Well, I was just saying that it's frustrating when people are in a situation where they could install an application in a few moments if they were only allowed to, but instead are obliged to retrieve and compile the dependencies as well as the application itself from source, replicating the work already done by the packagers, with the only difference in the outcomes of these two activities currently being that the former will put files in special places whereas the latter will put them in user-writeable places, and with no difference in the outcomes if the package manager could just install stuff in a user-nominated place anyway. (I'm not advocating that users would get to install their own stuff centrally.)
In other words, when the choice between wasting a few minutes of "admin time" and a few hours or days of "user time" once again goes against the user, this usually plays out fairly badly after a while because people tend to find their own ways of working around constraints that they don't regard as acceptable: that's just the way people deal with social or institutional restrictions. So when some project group suddenly has their own server running their own choice of software, and where their manager is more or less able to shout down various people in the hierarchy about needing to get the job done, and where some administrator has to go and negotiate a compromise, no-one should really be particularly surprised that it reached that stage.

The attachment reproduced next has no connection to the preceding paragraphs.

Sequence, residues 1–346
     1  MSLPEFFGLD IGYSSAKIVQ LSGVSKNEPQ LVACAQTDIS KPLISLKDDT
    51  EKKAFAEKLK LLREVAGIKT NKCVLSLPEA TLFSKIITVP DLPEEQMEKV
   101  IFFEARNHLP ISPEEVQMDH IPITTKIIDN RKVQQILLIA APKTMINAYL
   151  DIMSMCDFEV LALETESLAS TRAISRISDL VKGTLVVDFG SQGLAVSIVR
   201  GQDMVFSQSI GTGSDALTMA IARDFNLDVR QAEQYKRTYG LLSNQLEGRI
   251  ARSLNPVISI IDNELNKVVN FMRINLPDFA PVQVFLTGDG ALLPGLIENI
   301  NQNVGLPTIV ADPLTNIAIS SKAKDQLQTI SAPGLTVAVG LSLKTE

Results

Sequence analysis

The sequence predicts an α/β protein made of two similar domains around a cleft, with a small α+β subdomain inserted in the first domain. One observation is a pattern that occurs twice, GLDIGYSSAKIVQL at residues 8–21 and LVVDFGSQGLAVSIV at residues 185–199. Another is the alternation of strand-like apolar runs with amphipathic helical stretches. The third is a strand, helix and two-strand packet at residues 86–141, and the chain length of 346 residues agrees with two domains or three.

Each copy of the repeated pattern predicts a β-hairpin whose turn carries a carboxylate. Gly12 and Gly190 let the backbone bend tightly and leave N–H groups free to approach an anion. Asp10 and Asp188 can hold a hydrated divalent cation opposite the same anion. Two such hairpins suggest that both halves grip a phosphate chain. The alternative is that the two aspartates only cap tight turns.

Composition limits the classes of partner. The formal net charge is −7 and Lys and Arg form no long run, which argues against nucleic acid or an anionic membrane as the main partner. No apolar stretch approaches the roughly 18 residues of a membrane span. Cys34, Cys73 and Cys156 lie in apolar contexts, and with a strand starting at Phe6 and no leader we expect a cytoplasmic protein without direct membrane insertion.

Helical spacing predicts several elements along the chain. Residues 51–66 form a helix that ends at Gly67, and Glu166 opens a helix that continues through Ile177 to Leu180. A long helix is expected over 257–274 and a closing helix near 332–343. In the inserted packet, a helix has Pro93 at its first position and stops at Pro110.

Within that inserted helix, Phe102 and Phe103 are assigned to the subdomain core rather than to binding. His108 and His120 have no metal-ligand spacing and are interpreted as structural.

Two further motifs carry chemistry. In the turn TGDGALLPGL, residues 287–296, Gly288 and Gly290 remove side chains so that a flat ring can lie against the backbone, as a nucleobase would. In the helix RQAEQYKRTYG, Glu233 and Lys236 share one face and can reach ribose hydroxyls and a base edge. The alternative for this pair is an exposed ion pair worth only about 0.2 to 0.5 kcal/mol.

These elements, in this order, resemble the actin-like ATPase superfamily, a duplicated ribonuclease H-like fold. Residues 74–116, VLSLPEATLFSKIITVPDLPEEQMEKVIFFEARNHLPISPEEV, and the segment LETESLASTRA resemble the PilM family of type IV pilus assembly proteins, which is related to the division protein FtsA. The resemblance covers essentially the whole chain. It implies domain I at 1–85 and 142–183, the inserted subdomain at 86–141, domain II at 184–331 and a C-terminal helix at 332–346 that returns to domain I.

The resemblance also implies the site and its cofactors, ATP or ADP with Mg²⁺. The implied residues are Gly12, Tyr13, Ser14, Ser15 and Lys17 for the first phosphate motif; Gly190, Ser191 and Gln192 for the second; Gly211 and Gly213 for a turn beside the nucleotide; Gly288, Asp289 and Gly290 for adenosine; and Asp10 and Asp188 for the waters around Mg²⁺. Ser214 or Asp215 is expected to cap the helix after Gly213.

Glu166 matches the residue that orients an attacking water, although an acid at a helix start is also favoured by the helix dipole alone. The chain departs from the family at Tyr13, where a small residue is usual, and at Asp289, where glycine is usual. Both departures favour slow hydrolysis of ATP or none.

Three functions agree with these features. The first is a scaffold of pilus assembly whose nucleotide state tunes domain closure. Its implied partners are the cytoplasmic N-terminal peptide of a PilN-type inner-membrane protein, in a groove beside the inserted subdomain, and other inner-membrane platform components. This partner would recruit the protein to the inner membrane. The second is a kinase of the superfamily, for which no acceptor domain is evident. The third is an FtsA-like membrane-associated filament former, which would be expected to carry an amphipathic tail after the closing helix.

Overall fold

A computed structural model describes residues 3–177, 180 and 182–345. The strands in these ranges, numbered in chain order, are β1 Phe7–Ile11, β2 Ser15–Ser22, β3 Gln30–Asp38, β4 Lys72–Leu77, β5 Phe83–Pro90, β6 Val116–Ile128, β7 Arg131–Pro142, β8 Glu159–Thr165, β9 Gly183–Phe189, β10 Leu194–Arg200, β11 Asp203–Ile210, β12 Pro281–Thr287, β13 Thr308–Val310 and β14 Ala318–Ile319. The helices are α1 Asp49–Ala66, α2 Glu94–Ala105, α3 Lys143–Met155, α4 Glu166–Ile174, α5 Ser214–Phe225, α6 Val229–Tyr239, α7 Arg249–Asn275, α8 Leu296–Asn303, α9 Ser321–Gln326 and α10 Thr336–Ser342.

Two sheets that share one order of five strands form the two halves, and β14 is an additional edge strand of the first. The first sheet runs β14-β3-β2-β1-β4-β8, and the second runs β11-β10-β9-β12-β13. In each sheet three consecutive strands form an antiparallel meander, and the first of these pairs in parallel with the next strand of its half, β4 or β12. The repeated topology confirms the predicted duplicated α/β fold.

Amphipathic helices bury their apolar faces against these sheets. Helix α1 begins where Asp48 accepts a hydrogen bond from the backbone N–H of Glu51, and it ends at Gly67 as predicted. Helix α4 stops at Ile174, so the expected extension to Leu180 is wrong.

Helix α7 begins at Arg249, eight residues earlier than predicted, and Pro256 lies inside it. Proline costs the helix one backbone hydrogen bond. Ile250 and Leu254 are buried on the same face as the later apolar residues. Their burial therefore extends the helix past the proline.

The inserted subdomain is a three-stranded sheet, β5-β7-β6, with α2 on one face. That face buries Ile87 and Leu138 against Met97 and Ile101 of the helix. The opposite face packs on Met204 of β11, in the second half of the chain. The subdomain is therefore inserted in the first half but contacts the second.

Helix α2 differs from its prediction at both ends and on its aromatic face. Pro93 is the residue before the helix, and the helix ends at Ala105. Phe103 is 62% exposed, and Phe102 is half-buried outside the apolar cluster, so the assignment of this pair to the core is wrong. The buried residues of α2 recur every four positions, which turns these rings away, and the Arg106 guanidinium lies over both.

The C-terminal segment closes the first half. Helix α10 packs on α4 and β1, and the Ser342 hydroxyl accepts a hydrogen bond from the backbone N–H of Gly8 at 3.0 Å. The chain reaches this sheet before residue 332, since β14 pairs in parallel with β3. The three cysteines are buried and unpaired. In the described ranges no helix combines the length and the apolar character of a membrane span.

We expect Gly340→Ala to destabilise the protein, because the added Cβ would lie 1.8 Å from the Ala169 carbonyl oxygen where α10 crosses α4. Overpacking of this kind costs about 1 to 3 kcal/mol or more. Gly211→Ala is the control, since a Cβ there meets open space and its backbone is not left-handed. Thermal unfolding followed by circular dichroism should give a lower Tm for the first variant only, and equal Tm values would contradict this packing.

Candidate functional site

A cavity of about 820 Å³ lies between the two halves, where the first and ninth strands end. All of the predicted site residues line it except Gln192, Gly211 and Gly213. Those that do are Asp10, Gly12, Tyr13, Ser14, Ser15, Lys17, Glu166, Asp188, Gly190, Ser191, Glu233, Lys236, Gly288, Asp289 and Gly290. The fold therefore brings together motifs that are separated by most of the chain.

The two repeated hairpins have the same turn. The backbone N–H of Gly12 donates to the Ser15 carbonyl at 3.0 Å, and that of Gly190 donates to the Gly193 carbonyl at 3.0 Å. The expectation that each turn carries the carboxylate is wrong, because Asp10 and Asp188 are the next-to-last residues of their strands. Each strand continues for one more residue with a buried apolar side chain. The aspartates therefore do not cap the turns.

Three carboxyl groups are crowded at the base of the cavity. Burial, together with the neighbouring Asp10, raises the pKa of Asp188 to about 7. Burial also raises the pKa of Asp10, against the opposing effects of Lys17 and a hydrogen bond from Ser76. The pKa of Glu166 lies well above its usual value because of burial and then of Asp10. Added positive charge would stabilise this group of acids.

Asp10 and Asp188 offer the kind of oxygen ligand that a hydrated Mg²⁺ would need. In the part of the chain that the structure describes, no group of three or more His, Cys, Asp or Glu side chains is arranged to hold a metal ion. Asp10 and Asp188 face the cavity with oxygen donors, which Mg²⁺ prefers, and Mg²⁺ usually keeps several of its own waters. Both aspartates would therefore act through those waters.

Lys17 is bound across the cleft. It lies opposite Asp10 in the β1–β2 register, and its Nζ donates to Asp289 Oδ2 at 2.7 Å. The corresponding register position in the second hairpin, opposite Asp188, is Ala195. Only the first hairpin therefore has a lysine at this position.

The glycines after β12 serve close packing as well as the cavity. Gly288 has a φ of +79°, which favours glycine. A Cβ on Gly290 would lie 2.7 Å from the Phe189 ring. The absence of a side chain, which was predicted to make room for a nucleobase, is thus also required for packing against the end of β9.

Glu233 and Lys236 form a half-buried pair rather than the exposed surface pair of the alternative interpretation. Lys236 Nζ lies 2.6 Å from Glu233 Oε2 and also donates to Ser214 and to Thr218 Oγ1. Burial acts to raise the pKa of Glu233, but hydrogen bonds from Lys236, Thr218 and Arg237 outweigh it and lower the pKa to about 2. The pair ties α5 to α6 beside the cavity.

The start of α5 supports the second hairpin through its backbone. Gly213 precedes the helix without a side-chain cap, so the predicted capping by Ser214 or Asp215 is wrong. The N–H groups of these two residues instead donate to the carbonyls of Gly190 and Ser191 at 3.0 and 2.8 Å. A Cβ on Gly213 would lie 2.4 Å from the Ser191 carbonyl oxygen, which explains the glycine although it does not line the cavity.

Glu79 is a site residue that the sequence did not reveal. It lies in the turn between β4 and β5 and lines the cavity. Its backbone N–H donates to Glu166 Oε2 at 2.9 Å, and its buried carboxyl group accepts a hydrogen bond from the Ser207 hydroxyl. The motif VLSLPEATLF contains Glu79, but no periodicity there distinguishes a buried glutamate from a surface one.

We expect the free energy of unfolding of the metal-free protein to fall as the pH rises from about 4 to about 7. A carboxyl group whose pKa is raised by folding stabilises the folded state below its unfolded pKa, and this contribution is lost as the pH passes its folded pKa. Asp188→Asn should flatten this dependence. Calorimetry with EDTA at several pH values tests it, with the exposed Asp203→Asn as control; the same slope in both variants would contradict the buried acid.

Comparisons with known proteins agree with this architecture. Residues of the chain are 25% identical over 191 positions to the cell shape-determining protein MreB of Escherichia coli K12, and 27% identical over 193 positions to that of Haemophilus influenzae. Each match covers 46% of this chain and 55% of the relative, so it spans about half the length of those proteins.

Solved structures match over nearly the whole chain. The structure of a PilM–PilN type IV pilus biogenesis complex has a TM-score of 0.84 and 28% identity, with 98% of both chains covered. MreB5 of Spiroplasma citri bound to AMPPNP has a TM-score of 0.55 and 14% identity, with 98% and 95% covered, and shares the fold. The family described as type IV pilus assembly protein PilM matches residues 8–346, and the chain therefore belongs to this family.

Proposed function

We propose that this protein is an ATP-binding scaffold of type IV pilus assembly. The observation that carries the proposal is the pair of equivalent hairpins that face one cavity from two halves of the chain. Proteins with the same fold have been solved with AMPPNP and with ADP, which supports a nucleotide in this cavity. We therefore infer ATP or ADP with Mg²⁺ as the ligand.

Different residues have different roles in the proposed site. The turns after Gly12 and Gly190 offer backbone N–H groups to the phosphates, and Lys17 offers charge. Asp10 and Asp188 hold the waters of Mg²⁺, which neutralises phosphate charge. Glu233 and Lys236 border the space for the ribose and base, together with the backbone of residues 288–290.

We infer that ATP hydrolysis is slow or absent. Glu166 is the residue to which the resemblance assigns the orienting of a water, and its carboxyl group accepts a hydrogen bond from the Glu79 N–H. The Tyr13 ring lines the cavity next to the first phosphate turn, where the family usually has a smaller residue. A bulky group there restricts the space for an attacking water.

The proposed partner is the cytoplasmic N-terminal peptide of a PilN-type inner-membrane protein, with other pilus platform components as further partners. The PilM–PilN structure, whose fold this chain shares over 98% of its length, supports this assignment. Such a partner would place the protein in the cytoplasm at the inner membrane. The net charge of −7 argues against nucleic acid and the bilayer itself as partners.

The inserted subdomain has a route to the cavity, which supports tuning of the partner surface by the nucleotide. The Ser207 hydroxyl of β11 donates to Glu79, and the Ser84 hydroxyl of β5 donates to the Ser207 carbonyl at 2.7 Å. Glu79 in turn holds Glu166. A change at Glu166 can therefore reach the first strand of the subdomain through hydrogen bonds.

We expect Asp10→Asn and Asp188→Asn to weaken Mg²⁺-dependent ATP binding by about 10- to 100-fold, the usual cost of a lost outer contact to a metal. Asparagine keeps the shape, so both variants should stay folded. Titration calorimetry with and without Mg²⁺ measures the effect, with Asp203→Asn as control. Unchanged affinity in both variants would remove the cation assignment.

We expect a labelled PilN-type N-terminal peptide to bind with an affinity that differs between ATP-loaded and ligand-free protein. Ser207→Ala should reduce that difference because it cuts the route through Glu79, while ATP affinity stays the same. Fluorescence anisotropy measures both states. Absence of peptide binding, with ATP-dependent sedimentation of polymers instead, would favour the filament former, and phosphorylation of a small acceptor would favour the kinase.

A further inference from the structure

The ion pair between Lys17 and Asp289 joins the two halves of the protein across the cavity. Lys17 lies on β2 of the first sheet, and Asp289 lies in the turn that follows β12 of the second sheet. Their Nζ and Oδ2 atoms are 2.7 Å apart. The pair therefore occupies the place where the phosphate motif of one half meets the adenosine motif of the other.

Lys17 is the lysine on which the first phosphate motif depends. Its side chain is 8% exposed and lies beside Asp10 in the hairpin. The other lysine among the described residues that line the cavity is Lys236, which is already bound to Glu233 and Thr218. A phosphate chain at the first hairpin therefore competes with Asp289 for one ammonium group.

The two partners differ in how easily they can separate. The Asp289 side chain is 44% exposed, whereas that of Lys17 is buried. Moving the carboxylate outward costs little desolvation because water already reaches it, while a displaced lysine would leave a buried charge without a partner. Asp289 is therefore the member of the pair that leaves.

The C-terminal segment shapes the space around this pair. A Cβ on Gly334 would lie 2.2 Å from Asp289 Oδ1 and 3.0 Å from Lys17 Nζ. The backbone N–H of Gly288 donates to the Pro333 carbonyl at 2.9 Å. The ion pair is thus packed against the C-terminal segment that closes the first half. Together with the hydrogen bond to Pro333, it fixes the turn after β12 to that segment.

That said, I very much have the impression that people are continually surprised at such events because they either fail to anticipate predictable human behaviour or because they believe that the policies that deter such behaviour will act as a sufficient deterrent. Consequently, from such a static viewpoint and contradicting common experience, any need for more flexibility surely cannot exist for those people. (They presumably wonder why that administrator couldn't just go and tell that manager to shut down his server.)
I do acknowledge that some compromises exist and that virtualisation in the broadest sense of the term recurs frequently, so that in the Debian environment an administrator could enable something like schroot, for example, but then again, I get the impression that if users have to ask for something like that, they may well not get it. In any case, I think it is absurd that when the bulk of the work done by a package manager could be delivered for arbitrary filesystem locations and for arbitrary users, one should be forced to reach for the virtualisation sledgehammer. What next? Running "make install" only puts things under /usr because one can always create another virtual machine?